Editor’s note: The following was sent by an inmate at Wateree River Correctional Institution in Rembert. Charles Zachary Sharpe was convicted in 2007 of arson in a fire that burned the historic Westminster train depot in the Upstate. Originally granted leniency by a judge and sentenced to 90 days in county jail, he soon violated the terms of his probation and was subsequently sentenced to 90 months in prison. He is scheduled to be released next March.
In reality, our society does not hold true to Christian values at all.
I have lived with one slice of this issue for six years, and will continue to for the rest of my life. The part of the American system that I can speak on with authority is the prison system. We have a judicial system with no capacity for forgiveness. This is a problem that needs to be addressed.
When you were a kid, did you ever do something you weren’t supposed to? What happened after you broke the rules? You mowed the lawn every Saturday for a month, you paid for the neighbor’s broken window out of your allowance, you were confined to your bedroom without telephone or TV, you stood in the corner, you got a spanking.
Whatever the punishment was, you did the action, you suffered the consequence, and it was over.
Most people think that is exactly how our judicial system works. You do the crime, you do the time, and you go back to business as usual. This could not be further from the truth.
In the real world, if you are ever convicted of a felony, there is no end to the punishment. You cannot pay your debt to society. You cannot do your time and then go on with your life. If you are one of the few who become rehabilitated, you will not be forgiven. A scarlet letter is placed upon your chest, and you are cast out from society.
For years now, I have complained on deaf ears about this system that does not work. It was only recently that I came to realize that the system is not broken; in fact, it’s working perfectly. The part I had confused all along was the purpose. I thought the prison system was designed to punish and reform criminals and to reduce crime. Boy was I wrong.
It turns out that imprisoning people is an industry in America. Prisons bring money into small, mostly rural communities. They provide an economic base in poor areas that are willing to accept them. So you see our system of incarcerating people is not broken at all. The modern American penal system is doing exactly what it’s designed to do: lock people up.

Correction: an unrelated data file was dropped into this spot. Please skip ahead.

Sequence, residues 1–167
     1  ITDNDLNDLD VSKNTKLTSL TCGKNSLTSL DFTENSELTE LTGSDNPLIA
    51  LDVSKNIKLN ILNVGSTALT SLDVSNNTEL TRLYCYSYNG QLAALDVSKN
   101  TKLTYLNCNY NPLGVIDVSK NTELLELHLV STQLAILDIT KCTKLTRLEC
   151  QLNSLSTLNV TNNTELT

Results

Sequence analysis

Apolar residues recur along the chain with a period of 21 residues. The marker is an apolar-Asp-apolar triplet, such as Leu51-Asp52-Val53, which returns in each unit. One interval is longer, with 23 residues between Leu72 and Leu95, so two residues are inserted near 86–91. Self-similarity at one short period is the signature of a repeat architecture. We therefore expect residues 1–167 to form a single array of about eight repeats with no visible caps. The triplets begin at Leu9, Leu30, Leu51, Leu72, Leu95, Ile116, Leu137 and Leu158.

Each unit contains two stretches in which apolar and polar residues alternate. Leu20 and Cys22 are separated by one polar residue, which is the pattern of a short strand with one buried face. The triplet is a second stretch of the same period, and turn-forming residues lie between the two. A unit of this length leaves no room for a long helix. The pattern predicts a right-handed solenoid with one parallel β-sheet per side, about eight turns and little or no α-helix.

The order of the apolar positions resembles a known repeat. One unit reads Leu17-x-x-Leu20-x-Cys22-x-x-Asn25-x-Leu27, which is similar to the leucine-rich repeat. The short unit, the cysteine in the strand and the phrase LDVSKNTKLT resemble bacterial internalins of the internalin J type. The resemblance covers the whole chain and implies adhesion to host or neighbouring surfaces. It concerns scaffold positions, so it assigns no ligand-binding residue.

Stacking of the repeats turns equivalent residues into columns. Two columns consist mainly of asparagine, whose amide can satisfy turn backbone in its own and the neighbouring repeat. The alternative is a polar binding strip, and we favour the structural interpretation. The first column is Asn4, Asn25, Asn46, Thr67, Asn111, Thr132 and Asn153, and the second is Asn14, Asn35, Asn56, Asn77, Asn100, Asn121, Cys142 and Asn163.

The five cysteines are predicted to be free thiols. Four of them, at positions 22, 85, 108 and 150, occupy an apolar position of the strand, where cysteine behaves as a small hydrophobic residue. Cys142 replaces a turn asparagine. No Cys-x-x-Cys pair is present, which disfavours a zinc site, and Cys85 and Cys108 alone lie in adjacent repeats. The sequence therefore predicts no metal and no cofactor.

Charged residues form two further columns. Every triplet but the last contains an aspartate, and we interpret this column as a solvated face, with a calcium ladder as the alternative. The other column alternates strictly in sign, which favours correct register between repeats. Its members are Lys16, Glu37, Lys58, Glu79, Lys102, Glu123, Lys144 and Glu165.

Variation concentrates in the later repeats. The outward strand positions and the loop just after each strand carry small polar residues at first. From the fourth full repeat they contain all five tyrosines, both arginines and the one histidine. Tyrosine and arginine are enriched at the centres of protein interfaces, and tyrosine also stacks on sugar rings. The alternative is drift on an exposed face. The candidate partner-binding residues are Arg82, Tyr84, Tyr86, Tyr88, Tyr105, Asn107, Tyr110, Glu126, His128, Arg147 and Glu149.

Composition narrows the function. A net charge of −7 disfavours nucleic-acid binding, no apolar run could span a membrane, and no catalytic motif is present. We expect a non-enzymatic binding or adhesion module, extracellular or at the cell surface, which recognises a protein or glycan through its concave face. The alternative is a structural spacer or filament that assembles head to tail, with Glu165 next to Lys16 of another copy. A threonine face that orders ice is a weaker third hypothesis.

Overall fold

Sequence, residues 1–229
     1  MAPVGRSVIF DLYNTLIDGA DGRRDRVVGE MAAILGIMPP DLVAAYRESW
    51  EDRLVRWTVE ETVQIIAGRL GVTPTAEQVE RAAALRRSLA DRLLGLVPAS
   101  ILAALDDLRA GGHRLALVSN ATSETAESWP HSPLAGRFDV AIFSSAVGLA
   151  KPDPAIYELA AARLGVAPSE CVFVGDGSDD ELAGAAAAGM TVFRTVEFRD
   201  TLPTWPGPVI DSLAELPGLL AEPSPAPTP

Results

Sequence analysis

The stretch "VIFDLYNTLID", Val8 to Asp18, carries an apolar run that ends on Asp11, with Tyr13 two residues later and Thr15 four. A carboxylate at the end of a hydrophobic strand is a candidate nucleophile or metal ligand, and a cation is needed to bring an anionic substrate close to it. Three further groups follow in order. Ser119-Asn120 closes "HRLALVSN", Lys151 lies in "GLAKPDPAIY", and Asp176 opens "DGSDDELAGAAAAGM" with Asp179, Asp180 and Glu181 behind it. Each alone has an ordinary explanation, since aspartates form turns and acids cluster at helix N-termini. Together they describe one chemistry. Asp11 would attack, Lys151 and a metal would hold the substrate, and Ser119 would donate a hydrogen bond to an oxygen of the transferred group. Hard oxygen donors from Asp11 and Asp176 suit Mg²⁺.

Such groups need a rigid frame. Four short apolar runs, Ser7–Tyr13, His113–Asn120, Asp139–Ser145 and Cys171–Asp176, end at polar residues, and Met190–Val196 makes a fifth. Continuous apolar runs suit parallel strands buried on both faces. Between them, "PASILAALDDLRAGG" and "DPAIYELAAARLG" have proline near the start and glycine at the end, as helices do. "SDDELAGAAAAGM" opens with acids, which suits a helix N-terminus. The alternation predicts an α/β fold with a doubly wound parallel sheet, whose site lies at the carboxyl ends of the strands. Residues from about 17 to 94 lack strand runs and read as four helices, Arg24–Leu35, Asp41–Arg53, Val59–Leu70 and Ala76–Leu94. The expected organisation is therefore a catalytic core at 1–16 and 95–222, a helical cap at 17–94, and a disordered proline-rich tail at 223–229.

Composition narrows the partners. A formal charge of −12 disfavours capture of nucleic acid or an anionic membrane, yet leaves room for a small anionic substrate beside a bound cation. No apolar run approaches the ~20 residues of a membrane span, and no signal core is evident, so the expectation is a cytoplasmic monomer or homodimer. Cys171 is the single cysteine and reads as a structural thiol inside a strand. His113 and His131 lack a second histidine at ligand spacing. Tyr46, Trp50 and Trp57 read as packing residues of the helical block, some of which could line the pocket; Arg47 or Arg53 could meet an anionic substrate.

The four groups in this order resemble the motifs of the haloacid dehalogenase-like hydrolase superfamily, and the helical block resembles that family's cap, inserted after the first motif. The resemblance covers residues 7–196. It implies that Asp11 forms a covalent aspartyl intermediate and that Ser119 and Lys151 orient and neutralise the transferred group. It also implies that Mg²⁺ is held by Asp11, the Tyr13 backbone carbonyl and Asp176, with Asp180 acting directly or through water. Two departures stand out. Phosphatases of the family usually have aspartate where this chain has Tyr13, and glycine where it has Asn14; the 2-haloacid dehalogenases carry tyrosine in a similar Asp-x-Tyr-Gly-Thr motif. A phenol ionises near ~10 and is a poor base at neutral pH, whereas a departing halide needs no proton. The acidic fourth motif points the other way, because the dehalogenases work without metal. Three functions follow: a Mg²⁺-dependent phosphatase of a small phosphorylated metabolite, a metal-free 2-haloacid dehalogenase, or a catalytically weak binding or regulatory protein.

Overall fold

Even the most liberal of you reading this are probably starting to think something along the lines of, “This is just an angry prisoner ranting about the system which is forcing him to pay the consequence of his criminal actions.” And, to some degree, you are right, but it is not myself for whom I am advocating. It is the 30 percent of inmates who will return to jail within three years of release. It is the silent, undereducated, largely unskilled masses who have no family support that need you to take a moment and think about America’s dirty little secret. A lot of ex-cons want to follow the rules and lead productive lives, but in many cases they turn to the corrupt ways they learned in prison out of necessity. This is the reality of the judicial system. You don’t just do the crime and then do your time. You are marked for life. Society washes its hands of you. It doesn’t have to be this way, though. All the systems are in place to provide a prison system that helps criminals to change for the better. They just need to be used properly.
The South Carolina Department of Corrections has a classification system with the potential to help inmates individually, not just group them into lots by a few basic criteria. They have an entire school system with the potential to provide inmates with the education they need to survive in and contribute to society if they worried half as much about education as they do funding.
They have drug and alcohol treatment programs that could rehabilitate addicts if they were administered properly. They have labor programs that allow inmates to gain a good work ethic, and have the potential to alleviate their burden to the taxpayer by supporting themselves, but they are not implemented effectively, and very few inmates meet the state classification guidelines because of the broad swath style of categorizing, and grouping classifications.
Society needs to have a capacity for forgiveness. After all, isn’t that one of the main pillars of the religious basis of our society? The next time you pull a coin out of your pocket, remember “In God we trust.” After all, 6 percent of it is going to fund ineffective state programs.
The writer lives in Rembert.